Usually, online racket for financial profit is proceeded in one of two methods. The first way is the so called “business disruption attack”, where hackers target an organization’s critical business systems, steal confidential information and threaten to do something malicious with it (such as expose, delete, or encrypt it) unless victims pay a ransom. This method is used much often, though it requires a huge portion of finesse on the part of the hackers, and usually has a greater potential payout.
The second common way of cyber extortion for financial profit is ransomware. It is a type of malware which prevents users from interacting with their files, applications or systems until a ransom is paid. Most often, the ransom is demanded in the form of the anonymous currency Bitcoin.
Over the past months, ransomware has gained massive publicity through mainstream media coverage of huge ransomware attacks against organizations, namely hospitals. In these cases, the end goal is the same – some type of financial payout to the cyber criminals.
However, not all ransomware work the same way. Probably, the file-encrypting variety is the most dangerous one. This is because the targeted files, which often contain users’ or organizations’ most valuable data, become useless without the decryption key. The issue is compounded because paying the ransom offers no guarantee that the files will be unlocked. For that reason, making frequent backups of users’ files is the best defense against ransomware infections.
Considering the fact that the average ransom demanded from a victim is relatively low, the hackers who distribute ransomware, usually follow the “spray and pray” tactic of sending out as many lures as possible – emails with malicious attachments or links to malicious websites.
According to a FireEye Dynamic Threat Intelligence report, ransomware activity has been rising fairly steadily since mid-2015. A significant spike has been registered in March 2016.
This was the time when FireEye Labs detected a huge rise in Locky ransomware downloaders due to an email spam campaign targeting users in more than 50 countries. The malicious email attachments pretended to contain an invoice or a picture, but opening the attachment led to an infection instead.
This February, the systems of Hollywood Presbyterian Medical Center (HPMC) became infected with file-encrypting ransomeware. The president and CEO – Allen Stefanek, said that the hospital staff had trouble accessing the network beginning Feb. 5. Stefanek explained that malware ceased the access to certain computer systems, prevented the sharing of communications electronically, and demanded a ransom of 40 Bitcoins.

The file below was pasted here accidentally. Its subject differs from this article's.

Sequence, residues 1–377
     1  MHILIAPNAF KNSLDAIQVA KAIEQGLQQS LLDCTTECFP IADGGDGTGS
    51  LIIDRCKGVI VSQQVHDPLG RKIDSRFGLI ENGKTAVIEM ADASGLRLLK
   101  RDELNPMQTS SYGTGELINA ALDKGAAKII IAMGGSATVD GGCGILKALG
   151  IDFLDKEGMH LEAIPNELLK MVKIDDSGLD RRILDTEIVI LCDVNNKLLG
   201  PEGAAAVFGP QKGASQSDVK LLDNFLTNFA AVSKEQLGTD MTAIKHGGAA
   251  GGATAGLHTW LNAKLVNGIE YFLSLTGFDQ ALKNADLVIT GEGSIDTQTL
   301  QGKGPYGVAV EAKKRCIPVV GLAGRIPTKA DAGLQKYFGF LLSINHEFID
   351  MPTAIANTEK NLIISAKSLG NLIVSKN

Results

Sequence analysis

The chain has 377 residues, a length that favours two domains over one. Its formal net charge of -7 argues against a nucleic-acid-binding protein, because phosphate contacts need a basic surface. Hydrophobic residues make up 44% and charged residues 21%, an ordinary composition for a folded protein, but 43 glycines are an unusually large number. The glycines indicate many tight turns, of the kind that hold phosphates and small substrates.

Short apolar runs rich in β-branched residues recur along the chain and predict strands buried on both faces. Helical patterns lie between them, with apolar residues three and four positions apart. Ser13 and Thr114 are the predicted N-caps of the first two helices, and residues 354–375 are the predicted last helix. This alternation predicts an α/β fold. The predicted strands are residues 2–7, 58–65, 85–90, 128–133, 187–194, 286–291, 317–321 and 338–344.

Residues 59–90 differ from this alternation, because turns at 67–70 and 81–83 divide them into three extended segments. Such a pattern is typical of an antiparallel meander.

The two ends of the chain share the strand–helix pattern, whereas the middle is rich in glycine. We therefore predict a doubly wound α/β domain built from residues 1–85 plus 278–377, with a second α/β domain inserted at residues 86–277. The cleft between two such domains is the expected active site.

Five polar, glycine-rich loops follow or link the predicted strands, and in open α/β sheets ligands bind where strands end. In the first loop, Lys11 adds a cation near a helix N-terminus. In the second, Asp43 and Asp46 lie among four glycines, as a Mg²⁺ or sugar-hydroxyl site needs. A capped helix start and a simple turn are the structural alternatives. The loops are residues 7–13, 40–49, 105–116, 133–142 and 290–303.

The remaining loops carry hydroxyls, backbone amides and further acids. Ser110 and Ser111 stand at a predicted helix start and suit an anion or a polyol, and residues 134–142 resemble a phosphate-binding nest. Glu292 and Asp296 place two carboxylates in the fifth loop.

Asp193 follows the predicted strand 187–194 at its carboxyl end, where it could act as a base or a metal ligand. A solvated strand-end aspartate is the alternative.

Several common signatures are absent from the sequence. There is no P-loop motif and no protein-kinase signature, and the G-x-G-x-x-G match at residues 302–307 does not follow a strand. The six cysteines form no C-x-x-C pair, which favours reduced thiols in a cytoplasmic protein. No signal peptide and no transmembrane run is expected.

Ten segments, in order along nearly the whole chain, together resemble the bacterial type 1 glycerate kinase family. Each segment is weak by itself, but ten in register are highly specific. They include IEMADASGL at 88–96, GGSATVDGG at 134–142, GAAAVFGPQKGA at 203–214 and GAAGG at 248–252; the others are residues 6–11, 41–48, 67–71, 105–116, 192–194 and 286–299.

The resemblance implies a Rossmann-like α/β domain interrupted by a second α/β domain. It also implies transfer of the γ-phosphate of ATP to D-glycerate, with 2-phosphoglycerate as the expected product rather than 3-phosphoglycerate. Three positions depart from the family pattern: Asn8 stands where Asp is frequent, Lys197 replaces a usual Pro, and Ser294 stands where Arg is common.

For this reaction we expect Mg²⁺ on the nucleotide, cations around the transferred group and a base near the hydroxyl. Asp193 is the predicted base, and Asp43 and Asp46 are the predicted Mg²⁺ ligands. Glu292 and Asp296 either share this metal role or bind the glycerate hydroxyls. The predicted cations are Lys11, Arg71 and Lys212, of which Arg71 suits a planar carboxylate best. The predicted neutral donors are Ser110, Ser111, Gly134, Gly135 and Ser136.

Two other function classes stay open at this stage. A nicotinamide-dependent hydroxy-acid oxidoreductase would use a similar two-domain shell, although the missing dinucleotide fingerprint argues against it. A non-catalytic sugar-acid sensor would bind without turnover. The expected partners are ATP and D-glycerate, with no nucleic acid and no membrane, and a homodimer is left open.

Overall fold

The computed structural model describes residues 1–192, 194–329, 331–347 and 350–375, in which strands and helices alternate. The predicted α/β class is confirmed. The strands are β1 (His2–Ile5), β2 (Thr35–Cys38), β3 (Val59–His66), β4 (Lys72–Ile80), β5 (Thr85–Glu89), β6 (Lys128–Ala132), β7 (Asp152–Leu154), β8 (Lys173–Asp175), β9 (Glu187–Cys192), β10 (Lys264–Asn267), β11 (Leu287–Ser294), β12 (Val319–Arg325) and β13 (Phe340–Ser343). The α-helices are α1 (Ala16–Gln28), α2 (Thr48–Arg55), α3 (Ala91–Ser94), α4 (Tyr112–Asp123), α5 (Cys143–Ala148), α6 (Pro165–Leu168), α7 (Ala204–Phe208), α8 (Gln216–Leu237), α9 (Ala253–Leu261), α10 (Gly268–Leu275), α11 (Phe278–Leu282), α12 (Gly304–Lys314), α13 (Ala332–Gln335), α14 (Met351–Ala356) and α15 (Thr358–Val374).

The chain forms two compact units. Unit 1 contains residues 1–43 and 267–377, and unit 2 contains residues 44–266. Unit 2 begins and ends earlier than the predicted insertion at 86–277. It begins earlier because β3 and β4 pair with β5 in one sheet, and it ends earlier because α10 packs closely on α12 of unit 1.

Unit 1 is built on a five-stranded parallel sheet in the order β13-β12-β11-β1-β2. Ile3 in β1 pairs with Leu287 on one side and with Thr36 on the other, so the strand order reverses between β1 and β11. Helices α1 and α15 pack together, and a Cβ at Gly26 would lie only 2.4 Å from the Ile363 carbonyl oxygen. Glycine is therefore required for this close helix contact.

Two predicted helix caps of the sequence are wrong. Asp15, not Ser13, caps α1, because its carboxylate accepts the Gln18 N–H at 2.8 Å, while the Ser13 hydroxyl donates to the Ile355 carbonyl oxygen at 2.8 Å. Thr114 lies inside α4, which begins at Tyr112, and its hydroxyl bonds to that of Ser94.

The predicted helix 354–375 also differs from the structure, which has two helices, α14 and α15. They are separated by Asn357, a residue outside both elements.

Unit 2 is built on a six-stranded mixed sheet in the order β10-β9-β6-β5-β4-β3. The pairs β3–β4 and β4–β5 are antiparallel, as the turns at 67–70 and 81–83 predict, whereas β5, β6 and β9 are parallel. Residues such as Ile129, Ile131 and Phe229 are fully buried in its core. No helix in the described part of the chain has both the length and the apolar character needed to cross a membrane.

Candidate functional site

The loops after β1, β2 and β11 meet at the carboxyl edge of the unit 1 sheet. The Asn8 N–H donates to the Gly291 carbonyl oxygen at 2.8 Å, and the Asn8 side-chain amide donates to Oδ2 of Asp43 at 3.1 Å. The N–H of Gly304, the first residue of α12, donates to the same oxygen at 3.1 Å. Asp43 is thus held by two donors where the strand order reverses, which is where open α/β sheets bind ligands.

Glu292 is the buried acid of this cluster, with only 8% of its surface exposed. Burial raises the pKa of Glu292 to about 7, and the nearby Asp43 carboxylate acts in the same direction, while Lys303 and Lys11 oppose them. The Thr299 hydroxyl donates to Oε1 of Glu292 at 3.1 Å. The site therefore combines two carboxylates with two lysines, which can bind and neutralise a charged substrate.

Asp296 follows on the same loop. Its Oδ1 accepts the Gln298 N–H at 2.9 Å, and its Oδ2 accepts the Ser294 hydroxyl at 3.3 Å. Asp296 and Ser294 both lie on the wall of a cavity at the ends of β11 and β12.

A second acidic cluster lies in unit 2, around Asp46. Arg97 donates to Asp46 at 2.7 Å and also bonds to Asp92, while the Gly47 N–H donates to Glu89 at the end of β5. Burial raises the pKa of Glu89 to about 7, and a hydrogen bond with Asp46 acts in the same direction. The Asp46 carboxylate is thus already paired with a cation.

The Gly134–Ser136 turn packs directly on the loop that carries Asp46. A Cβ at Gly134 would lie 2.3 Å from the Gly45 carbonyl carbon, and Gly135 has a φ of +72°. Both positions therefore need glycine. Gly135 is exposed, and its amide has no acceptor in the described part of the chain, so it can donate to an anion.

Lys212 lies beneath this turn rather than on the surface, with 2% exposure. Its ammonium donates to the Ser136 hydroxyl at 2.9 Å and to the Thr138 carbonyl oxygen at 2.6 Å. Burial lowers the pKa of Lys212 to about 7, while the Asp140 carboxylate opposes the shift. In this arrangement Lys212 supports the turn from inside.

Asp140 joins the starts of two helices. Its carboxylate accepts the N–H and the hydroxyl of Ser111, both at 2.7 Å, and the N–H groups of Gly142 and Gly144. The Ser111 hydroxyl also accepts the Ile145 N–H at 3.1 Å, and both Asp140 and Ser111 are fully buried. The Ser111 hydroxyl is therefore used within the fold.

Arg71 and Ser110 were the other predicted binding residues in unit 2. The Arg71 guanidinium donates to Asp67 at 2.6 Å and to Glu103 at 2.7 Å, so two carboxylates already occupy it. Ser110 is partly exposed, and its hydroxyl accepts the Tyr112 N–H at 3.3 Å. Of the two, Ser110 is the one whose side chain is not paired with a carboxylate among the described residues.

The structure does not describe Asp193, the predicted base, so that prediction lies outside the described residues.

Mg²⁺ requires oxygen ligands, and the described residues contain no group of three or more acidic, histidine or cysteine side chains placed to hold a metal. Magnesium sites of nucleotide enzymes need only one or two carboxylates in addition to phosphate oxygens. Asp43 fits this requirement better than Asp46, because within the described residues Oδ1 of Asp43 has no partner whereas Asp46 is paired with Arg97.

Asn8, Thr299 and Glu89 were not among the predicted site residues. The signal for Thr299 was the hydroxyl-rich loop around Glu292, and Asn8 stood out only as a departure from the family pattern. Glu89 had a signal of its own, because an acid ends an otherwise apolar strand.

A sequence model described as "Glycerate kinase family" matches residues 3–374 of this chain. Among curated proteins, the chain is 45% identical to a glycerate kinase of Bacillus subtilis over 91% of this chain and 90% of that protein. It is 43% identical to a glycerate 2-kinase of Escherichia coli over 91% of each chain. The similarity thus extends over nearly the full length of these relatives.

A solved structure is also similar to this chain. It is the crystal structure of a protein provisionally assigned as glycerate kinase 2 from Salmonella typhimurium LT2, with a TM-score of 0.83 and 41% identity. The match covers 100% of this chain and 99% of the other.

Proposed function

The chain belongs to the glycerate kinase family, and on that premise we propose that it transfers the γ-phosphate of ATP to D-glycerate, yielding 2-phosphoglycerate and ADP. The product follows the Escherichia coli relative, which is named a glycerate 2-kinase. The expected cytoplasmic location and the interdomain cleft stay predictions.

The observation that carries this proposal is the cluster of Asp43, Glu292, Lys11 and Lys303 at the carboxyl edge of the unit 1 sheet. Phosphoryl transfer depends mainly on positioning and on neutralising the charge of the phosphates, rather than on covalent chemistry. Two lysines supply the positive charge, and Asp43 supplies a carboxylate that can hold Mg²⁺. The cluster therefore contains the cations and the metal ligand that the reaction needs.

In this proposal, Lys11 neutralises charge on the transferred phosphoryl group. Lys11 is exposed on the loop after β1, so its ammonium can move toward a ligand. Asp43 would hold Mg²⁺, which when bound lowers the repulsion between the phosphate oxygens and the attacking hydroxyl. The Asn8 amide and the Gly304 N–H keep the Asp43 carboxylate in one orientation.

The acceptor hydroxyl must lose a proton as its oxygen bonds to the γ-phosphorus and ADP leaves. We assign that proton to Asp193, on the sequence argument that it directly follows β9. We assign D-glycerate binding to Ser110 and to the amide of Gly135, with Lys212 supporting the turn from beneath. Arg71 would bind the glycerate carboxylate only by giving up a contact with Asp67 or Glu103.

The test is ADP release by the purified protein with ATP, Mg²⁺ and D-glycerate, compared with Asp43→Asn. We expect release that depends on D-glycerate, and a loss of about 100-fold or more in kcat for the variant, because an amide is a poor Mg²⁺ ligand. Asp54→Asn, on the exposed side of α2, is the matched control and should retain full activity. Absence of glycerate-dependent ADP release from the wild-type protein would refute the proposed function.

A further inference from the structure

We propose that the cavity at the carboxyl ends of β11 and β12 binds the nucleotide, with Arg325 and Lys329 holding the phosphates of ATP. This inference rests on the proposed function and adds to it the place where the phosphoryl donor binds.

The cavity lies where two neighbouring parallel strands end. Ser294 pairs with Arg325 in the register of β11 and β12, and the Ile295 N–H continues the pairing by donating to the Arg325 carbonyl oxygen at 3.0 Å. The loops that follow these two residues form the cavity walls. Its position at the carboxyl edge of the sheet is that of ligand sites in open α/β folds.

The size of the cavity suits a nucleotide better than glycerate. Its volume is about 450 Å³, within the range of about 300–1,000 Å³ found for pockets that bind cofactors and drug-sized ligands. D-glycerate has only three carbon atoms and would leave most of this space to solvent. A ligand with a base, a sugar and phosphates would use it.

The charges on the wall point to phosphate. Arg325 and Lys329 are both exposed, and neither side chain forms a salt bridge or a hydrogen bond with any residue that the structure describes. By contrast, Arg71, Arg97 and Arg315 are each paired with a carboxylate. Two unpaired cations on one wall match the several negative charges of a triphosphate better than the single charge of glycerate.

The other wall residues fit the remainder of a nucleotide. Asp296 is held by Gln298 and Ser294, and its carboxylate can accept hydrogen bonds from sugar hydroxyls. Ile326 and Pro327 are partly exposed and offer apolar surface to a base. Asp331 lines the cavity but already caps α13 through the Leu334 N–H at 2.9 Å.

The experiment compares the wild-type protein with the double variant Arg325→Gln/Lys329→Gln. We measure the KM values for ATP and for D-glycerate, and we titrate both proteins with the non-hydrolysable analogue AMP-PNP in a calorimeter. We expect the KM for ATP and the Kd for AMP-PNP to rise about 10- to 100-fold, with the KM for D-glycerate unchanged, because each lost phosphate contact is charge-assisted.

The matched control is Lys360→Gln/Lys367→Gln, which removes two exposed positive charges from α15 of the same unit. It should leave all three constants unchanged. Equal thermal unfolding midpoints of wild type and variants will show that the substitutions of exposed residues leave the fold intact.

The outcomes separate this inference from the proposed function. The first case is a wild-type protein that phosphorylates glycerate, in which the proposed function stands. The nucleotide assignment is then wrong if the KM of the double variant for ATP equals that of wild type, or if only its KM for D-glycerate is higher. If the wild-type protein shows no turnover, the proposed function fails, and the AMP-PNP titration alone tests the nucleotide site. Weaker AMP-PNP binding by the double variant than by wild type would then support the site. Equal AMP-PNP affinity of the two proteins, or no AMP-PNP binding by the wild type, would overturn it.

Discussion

“The quickest and most efficient way to restore our systems and administrative functions was to pay the ransom and obtain the decryption key,” Stefanek stated. “In the best interest of restoring normal operations, we did this.”
HPMC restored its electronic medical record system and cleared all systems of the malware by Feb. 15.
Later in February, The Register revealed that file-encrypting ransomware infected the systems of Lukas Hospital and Klinikum Arnsberg hospital in Germany, while in March, the same happened at Union Memorial Hospital in Maryland and some other MedStar hospitals in the Washington, DC area.
Apparently, hackers have been increasingly turning to industries such as healthcare that possess critical data but may have limited investment in security across their enterprise. With hospitals, budget dollars often go towards surgery wards, emergency care centers and supplies for a large number of patients – not security. This makes for a tricky issue, since hospitals cannot operate without the necessary patient data stored in their systems.
The following are some additional factors contributing to the increase of ransomware activity:
- Relatively high profit margins coupled with the relatively low overhead required to operate a ransomware campaign have bolstered the appeal of this particular attack type, fueling market demand for tools and services corresponding to its propagation.
- The success of prolific ransomware families such as CryptoWall has provided a blueprint for aspiring ransomware developers, showcasing increasing profit margins and campaign sustainability. According to the FBI’s IC3, CryptoWall generated identified victim losses totaling more than $18 million between April 2014 and June 2015.
- The emergence of several new ransomware variants adopting a ransomware as a Service (RaaS) framework since mid-2015, a phenomenon likely driven by the competitive development of quality goods and services within the cyber crime ecosystem. Based on multiple factors, RaaS offerings – which are uniquely poised to capitalize on current underground marketplace demand for ransomware – are highly likely to fuel an increasing number of ransomware infections.
Through this discernible uptick in ransomware activity from mid-2015 to early 2016, FireEye has observed significant growth and maturation of the ransomware threat landscape – predominately involving the proliferation of myriad new variants.